Reference: McDuff-Salamon's book J-holomorphic curves and Symplectic Topology, second edition.

In section 6.7, the book introduces the moduli space of $\{J_z\}$-holomorphic curves (see page 184 for example), where $\{ J_z \}_{z\in \Sigma}$ is a smooth family of almost complex structure parametrized by the point $z$ of the domain $\Sigma$. What could be advantages of this compared to the ordinary moduli space for an almost complex structure $J$ independent of $z$?

In particular, when this book discusses the gluing theorem in chapter 10, we also consider parametrized almost complex structures. How does such a slightly general gluing theorem apply more widely than the gluing theorem only for a fixed almost complex structure $J$? I am just wondering if it is really necessary to consider the most general cases at the cost of simplicity.

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    $\begingroup$ To show that the floer homology is independent of the chosen acs, one needs to consider families of such. $\endgroup$
    – Thomas Rot
    Mar 20, 2017 at 6:14
  • $\begingroup$ And when dealing with group actions (an equivariant scenario), you'll want domain-dependent $J$ to help with transversality issues. $\endgroup$ Mar 20, 2017 at 7:16
  • $\begingroup$ In projecteuclid.org/euclid.jsg/1210083200, these domain dependent almost complex structures have been applied to obtain enough transversality to define a version of genus zero Gromov-Witten invariants. Perhaps this could be more easily done by considering inhomogeneous perturbations of the equation as is done in work of Ruan-Tian, FOOO, Pardon etc. In any case, to obtain transversality for GW theory, one seems to need to consider some generalization of the usual pseudoholomorphic curve equation for surface-independent J. $\endgroup$ Mar 20, 2017 at 19:41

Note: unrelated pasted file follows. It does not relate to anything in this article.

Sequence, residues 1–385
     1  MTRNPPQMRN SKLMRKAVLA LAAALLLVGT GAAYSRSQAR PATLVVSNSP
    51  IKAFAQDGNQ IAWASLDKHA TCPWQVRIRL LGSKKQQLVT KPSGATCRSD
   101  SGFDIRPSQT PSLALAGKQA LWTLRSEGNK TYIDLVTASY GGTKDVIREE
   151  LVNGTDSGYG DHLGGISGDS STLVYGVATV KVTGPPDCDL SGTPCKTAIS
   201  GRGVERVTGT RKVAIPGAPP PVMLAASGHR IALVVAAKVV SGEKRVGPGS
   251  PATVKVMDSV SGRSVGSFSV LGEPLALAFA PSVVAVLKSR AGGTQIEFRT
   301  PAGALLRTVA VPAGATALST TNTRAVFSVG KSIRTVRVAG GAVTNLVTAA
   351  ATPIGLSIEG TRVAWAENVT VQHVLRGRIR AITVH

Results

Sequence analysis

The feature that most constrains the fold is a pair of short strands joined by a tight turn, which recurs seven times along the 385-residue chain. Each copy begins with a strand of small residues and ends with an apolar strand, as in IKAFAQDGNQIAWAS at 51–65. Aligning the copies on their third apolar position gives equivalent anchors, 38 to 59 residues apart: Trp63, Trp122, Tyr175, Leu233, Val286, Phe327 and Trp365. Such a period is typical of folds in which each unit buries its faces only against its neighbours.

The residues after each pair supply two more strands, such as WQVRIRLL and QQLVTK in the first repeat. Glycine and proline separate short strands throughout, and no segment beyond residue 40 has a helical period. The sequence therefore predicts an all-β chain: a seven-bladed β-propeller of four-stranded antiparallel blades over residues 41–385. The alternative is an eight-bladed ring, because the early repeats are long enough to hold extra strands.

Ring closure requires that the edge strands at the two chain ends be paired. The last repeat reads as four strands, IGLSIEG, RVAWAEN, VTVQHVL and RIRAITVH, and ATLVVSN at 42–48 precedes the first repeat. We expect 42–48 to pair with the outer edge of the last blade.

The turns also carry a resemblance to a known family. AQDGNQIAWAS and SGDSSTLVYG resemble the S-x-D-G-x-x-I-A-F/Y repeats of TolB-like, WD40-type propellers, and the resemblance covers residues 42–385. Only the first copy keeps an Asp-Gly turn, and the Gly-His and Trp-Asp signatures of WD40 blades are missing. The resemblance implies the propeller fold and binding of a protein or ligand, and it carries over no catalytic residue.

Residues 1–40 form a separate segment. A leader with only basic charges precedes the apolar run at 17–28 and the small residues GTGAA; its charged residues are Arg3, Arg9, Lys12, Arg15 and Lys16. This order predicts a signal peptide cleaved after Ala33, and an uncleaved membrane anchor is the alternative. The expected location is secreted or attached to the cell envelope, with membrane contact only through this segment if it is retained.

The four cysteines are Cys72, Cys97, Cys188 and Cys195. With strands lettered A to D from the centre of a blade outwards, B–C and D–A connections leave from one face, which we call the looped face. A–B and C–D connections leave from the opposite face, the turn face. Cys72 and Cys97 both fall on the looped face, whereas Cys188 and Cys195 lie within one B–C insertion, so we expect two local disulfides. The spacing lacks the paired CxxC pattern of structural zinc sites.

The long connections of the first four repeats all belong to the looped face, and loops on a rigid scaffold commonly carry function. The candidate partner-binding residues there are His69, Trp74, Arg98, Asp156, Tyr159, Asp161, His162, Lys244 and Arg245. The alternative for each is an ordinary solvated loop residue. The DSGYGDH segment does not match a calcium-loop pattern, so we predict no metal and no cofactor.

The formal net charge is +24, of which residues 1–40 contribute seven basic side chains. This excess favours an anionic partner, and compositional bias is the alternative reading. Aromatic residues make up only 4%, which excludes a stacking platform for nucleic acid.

1 Answer 1


Sorry if I repeat answers already given. This is an answer I got from Auroux's lectures notes on Fukaya category. In defining the Lagrangian intersection Floer homology, an immediate issue is the transversality of the intersection. But that is not all: even if you have transverse intersection, you need transversality of the moduli space $\mathcal{M}(p,q;\beta,J)$ of $J$-holomorphic strips between $p$ and $q$ to ensure that it is a manifold.

Here, transversality means that at each $u \in \mathcal{M}(p,q;\beta,J)$, the linearised operator of $\bar{\partial}_J$ is surjective. This property does not hold in general for a fixed almost-complex structure $J$. However, it does hold for a generic family of almost-complex structure $(J_z)_{z \in \Sigma}$. Depending on what you look at, you may need only a dependence on one real parameter etc.


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